Periodically university research in the UK is publicly assessed. The latest assessment is known as the Research Excellence Framework (REF) and will be completed in 2014. Most research that will be considered by the REF is published in peer-reviewed journals. Most of these journals are subscription based. Universities pay large amounts of money in subscriptions.
In recent years there has been much criticism by both academics and universities about the high cost of such subscriptions. In a movement dubbed the Academic Spring, pressure has mounted for journal articles to be made available free of charge – i.e. on open access.
The government too has been concerned that the results of publicly-funded research has been disappearing behind ‘paywalls’ and hence not available free to people outside the universities which subscribe to such journals. Indeed, no single university can afford licences for all the 25,000 peer-reviewed journals currently being published. As a result, the government set up a committee under the chair of Professor Janet Finch to examine alternative ways of making research more accessible. The committee has just published its report.
It advocates an expansion of open-access journals:
The principle that the results of research that has been publicly funded should be freely accessible in the public domain is a compelling one, and fundamentally unanswerable…
Instead of relying on subscription revenues provided by or on behalf of readers, most [open-access journals] charge a fee to authors…before an article is published. Access for readers is then free of charge, immediately on publication, and with very few restrictions on use and re-use.
Under this model, universities would essentially pay to have their academics’ articles published rather than paying to purchase the journal. Alternatively, research councils could fund the publication of articles based on research already funded by them.
Many people go further. They argue that authors ought to be able to have their published research in any journal made freely available, after an embargo period, through their university’s website.
So is the current pricing model the best for encouraging research and for disseminating its findings? Or is open access a better model – and if so, of what form? Or would it discourage publishers and lead, in the end, to less being published or to a less rigorous peer review process? The questions are ones of pricing, incentives, choices and investment – the questions that economists are qualified to consider.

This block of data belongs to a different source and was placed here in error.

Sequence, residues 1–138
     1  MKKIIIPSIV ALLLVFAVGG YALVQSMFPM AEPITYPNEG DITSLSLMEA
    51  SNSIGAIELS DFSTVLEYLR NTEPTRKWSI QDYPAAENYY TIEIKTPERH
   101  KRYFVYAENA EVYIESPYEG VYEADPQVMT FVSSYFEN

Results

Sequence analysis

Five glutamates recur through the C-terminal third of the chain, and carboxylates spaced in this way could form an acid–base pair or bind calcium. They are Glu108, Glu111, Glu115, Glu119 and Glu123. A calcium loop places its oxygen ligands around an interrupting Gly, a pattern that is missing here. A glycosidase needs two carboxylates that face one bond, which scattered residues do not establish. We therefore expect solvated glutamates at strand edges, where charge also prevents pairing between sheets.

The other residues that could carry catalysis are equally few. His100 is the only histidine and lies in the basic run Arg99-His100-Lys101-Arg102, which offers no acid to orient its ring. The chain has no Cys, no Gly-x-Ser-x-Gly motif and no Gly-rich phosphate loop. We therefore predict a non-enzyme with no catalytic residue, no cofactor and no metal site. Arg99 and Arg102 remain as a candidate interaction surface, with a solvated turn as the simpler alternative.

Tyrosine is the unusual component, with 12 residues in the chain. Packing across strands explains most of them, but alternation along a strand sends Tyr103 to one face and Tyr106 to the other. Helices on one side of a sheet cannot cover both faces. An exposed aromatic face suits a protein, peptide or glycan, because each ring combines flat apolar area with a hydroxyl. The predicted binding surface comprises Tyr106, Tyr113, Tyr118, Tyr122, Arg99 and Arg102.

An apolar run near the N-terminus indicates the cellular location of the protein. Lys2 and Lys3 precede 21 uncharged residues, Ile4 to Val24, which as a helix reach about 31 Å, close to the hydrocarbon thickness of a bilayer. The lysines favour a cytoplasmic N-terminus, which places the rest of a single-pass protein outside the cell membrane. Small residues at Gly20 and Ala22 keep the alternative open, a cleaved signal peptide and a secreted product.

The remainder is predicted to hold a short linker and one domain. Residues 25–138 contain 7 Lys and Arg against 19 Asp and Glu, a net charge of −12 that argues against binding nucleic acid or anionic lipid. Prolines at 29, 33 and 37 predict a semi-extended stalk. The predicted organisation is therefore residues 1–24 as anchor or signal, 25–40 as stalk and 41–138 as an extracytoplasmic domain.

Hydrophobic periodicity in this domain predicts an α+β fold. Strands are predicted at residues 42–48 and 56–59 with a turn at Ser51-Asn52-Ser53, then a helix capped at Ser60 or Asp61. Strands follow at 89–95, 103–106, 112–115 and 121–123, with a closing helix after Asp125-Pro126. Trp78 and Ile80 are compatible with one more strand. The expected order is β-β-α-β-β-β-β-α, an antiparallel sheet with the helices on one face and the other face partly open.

Open access may require funds to be rationed Times Higher Education, Paul Jump (21/6/12)
Set science free from publishers’ paywalls New Scientist, Stephen Curry (19/6/12)
Scientists must make research an open book Independent, Martin Hickman (18/6/12)
Report calls on government to back open access science BBC News, Pallab Ghosh (19/6/12)
Open access is the future of academic publishing, says Finch report Guardian, Alok Jha (19/6/12)
Open access to science – its implications discussed in UK raport ZME Science (19/6/12)
UK move to ‘open access’ in publishing Phys.Org, Justin Norrie (20/6/12)
Finch Group Report: Overview Research Information Network (June 2012)
Finch Group Report: Executive Summary Research Information Network (June 2012)
Finch Group Report: Full Report Research Information Network (June 2012)
- Explain the difference between the ‘gold’ and ‘green’ models of open-access journal article publishing?
- What externalities are involved in journal publication? What are the implications of this for socially efficient pricing?
- How could journal publication be made profitable under an open-access system?
- What are the incentive effects for (a) academics and (b) universities of ranking journals? Does the REF, whereby research articles are judged on their own merits, overcome problems of ranking journals?
- Does the existence of journal rankings allow the top journals in each discipline to maintain a position of market power? How is this likely to impact on journal or article pricing?
- How would university finances be affected by a move towards gold open access journals (a) in the short term; (b) in the long term?
- Would it be in universities’ interests to produce their own open-access journals?